Tsawwassen recreational crab harvesters fined

    SURREY, BC, Aug. 19 /CNW/ - Two recreational crab harvesters have been
banned from fishing for two years, their boat and trailer have been forfeited,
and both men have been fined for engaging in several illegal crab fishing
practices on the Tsawwassen Ferry Terminal Causeway.
    Rohit Parkash Singh and Anil Kumar Ram pled guilty in Surrey provincial
court April 22, 2009, to three violations under the Fisheries Act: retaining
undersized Dungeness Crab; retaining female Dungeness Crab; and harvesting
over the limits of the fishing licence.
    On September 1, 2008, federal fishery officers from the Department of
Fisheries and Oceans observed a vehicle pulling a boat and trailer leaving a
well-known fishing area in Tsawwassen. When questioned, Mr. Ram and Mr. Singh,
who has a prior conviction for illegal possession of crab, admitted to
harvesting crab and other fish that day. Further inspection by the fishery
officers determined that the two men, who had a licence to harvest four crabs
per person, were in possession of 30 crabs. Of these only five were legal,
four were female, and 25 were undersized. After arresting the two men, the
fishery officers returned all of the crabs to the water.
    At their subsequent sentencing hearing, Mr. Singh was fined $2,100 and
Mr. Ram was fined $1,500. Both men had their crab fishing licences suspended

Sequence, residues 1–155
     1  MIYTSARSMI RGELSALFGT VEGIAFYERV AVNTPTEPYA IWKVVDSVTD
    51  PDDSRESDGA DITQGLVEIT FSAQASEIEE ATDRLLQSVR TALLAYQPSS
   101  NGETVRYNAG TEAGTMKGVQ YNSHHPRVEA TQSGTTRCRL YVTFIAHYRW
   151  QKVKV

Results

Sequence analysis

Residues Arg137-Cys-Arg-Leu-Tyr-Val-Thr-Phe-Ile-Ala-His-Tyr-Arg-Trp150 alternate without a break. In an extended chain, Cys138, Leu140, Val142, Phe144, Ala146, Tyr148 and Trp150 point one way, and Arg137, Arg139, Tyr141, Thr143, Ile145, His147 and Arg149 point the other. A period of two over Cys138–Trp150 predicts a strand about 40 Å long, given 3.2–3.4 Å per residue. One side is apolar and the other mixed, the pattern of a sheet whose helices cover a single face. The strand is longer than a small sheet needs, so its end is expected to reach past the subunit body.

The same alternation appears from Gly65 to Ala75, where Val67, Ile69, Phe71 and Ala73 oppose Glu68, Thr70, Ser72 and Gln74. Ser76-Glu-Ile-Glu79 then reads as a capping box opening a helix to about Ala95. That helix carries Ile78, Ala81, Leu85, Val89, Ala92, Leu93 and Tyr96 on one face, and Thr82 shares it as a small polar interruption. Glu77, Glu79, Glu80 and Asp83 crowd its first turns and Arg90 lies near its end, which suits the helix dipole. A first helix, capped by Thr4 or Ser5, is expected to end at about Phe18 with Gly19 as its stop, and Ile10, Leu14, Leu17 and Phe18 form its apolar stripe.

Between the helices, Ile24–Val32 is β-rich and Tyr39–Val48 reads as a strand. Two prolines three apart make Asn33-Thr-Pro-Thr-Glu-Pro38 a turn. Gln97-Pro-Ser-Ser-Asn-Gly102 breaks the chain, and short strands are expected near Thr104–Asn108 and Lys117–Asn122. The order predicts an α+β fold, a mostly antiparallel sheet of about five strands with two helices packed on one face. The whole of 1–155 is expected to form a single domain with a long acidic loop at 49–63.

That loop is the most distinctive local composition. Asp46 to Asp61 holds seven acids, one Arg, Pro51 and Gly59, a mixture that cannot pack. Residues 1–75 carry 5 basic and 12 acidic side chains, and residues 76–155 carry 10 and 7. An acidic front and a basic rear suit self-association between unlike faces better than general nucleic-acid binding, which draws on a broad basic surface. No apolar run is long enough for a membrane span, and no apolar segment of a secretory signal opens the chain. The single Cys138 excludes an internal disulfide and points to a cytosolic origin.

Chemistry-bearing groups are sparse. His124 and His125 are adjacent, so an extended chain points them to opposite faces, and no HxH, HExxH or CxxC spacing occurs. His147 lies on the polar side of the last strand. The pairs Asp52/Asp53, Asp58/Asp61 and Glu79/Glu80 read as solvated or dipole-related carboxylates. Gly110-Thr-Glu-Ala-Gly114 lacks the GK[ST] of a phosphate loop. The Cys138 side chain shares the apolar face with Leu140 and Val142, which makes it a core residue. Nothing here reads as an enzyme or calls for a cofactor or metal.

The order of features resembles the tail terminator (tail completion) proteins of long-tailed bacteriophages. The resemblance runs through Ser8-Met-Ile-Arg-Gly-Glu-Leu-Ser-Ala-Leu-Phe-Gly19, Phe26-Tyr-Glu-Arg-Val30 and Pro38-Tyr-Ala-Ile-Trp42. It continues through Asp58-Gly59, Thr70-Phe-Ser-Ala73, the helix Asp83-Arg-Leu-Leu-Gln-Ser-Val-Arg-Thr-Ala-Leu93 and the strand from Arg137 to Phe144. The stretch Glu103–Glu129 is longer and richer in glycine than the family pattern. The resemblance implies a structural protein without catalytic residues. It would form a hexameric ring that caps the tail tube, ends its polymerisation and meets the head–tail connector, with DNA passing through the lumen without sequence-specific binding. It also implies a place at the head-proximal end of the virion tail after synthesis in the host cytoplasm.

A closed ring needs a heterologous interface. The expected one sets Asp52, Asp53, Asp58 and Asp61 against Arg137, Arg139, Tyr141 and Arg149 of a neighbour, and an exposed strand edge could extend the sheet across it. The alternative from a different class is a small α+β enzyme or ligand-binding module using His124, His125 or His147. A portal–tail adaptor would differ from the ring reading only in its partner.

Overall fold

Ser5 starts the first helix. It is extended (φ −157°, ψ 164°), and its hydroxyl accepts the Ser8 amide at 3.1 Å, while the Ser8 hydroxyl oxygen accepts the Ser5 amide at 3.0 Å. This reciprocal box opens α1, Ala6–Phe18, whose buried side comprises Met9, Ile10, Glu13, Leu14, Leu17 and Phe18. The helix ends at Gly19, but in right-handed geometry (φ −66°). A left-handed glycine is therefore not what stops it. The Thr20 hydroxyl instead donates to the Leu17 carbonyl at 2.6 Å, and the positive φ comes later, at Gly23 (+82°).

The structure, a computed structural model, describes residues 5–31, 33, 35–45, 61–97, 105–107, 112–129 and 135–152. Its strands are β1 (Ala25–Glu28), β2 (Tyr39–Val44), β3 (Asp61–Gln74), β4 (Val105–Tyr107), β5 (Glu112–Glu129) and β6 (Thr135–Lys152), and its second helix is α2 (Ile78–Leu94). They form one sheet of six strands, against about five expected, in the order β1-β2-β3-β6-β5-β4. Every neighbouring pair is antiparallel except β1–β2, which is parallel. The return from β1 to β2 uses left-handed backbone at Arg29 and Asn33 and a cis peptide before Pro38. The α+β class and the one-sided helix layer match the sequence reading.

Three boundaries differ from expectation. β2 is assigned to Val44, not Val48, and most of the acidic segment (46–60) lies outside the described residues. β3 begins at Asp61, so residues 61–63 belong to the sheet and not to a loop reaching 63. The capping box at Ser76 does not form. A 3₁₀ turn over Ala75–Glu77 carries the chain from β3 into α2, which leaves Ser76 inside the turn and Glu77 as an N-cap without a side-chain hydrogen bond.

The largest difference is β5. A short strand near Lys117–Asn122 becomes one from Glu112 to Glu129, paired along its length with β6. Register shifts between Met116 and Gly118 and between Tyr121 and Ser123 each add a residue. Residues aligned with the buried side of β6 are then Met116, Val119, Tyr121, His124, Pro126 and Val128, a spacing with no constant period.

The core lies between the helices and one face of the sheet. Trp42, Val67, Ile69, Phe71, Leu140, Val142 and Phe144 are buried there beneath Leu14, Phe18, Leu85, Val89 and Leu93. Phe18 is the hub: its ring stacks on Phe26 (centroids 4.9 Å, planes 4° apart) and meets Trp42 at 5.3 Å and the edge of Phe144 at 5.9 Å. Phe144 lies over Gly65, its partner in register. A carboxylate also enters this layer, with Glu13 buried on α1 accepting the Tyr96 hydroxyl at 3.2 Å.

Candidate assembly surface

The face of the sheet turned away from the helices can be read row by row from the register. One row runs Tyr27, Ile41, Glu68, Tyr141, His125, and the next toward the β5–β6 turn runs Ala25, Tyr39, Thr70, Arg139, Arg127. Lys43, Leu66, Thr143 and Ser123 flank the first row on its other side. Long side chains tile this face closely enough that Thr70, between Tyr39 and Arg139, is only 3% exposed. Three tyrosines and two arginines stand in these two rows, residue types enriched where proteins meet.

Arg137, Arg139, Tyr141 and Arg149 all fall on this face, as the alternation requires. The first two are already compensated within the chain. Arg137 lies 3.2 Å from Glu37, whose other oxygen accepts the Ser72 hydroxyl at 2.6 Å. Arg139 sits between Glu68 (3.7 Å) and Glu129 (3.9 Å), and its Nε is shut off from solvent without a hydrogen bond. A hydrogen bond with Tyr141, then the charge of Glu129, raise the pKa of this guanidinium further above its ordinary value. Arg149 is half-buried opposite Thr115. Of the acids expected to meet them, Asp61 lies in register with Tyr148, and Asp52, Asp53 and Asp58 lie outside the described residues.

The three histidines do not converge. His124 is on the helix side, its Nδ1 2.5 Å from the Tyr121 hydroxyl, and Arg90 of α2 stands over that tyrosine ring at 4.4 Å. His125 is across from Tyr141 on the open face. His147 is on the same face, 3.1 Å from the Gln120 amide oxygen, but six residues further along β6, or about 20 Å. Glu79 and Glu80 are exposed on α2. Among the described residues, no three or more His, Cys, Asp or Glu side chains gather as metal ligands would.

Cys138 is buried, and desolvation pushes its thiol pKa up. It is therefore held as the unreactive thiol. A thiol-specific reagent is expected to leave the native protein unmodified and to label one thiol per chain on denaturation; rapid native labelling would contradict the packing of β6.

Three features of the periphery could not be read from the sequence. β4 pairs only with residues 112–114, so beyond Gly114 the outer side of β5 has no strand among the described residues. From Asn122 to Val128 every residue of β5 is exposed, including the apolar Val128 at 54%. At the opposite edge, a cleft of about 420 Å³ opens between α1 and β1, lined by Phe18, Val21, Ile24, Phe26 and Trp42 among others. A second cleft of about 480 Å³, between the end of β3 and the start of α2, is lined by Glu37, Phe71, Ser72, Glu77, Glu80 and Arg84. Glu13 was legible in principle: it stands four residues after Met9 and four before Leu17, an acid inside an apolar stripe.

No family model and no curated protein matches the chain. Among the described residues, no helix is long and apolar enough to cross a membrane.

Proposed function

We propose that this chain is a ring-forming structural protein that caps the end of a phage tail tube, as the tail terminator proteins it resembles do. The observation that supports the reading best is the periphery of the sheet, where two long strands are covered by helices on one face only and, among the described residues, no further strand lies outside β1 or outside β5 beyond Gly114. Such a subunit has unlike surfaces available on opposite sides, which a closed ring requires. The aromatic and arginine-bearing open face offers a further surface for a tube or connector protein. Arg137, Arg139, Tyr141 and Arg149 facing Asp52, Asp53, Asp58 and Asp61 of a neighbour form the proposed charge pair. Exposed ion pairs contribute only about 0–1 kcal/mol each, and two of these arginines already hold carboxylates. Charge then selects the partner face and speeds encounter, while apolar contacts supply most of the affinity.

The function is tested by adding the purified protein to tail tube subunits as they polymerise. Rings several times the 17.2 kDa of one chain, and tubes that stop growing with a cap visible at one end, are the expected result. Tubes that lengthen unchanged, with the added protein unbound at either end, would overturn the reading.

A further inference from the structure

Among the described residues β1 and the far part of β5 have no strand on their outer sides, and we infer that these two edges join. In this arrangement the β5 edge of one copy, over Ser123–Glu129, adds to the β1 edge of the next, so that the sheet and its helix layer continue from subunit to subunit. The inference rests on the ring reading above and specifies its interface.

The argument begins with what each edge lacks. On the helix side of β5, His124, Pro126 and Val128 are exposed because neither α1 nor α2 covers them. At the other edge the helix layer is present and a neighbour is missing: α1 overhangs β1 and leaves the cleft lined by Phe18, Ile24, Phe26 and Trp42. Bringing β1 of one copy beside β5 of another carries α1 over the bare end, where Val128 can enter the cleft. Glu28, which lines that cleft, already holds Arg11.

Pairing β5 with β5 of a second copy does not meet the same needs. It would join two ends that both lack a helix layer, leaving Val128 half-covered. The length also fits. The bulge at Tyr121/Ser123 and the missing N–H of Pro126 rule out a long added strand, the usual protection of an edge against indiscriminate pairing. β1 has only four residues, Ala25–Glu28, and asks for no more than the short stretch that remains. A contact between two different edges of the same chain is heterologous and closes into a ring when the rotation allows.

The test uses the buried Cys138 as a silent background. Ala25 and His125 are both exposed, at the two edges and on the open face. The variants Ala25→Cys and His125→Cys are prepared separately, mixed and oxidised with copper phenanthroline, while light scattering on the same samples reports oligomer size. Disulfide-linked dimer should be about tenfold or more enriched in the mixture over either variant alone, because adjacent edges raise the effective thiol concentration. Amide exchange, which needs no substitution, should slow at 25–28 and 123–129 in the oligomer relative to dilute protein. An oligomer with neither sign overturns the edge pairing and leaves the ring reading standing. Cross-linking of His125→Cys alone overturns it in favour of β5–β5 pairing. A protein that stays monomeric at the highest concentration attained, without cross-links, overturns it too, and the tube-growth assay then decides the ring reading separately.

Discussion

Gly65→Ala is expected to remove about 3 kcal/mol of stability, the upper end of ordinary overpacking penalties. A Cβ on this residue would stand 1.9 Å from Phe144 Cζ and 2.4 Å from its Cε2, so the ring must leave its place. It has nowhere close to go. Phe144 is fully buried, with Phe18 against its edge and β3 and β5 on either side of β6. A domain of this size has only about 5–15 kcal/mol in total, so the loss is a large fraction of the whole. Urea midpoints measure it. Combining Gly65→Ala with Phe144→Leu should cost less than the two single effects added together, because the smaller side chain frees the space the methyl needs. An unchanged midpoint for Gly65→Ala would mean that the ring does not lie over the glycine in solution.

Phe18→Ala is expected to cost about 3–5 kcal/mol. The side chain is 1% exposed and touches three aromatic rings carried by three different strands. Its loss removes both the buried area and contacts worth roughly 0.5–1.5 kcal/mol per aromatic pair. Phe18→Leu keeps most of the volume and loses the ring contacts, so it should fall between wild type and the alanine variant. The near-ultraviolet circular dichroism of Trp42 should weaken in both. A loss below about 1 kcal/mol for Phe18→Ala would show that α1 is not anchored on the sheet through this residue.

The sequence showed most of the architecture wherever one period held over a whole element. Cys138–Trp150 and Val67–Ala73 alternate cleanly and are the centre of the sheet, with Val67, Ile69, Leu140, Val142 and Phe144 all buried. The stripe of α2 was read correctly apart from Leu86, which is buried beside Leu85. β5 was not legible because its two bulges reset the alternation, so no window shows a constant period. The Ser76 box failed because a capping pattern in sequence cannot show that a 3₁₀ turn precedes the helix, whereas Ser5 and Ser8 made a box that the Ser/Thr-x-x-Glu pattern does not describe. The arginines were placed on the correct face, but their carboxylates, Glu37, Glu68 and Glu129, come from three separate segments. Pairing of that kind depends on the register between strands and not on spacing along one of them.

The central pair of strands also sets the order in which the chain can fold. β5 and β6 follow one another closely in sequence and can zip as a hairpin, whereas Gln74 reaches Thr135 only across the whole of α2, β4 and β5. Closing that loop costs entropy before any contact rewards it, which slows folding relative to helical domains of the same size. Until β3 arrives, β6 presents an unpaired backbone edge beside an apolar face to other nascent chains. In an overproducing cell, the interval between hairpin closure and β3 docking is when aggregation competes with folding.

for a period of two years and Mr. Singh's boat and trailer were forfeited. The
Honourable Judge Dohm further ordered that the monies paid be directed to
DFO's Lower Fraser Resource Management for the purpose of crab study,
enhancement and management in the Pacific Region.
    To protect the stocks, crab harvesters are required to return female and
undersized crabs immediately to the water and only catch males that are large
enough to have mated at least twice. Dungeness crab must be at least 165 mm in
width, measured in a straight line through the widest part of the carapace, or
shell, from outside the points. Harvesters are advised to measure crabs using
a caliper device.

    DFO acts to end illegal fishing activity. As part of this work, the
Department asks the general public for information on activities of this
nature or any contravention of the Fisheries Act and Regulations. Anyone with
information can call the toll-free violation reporting line at 1-800-465-4336.

For further information:

For further information: Leri Davies, Strategic Media Relations Advisor,
Fisheries and Oceans Canada, Pacific Region, (604) 666-8675

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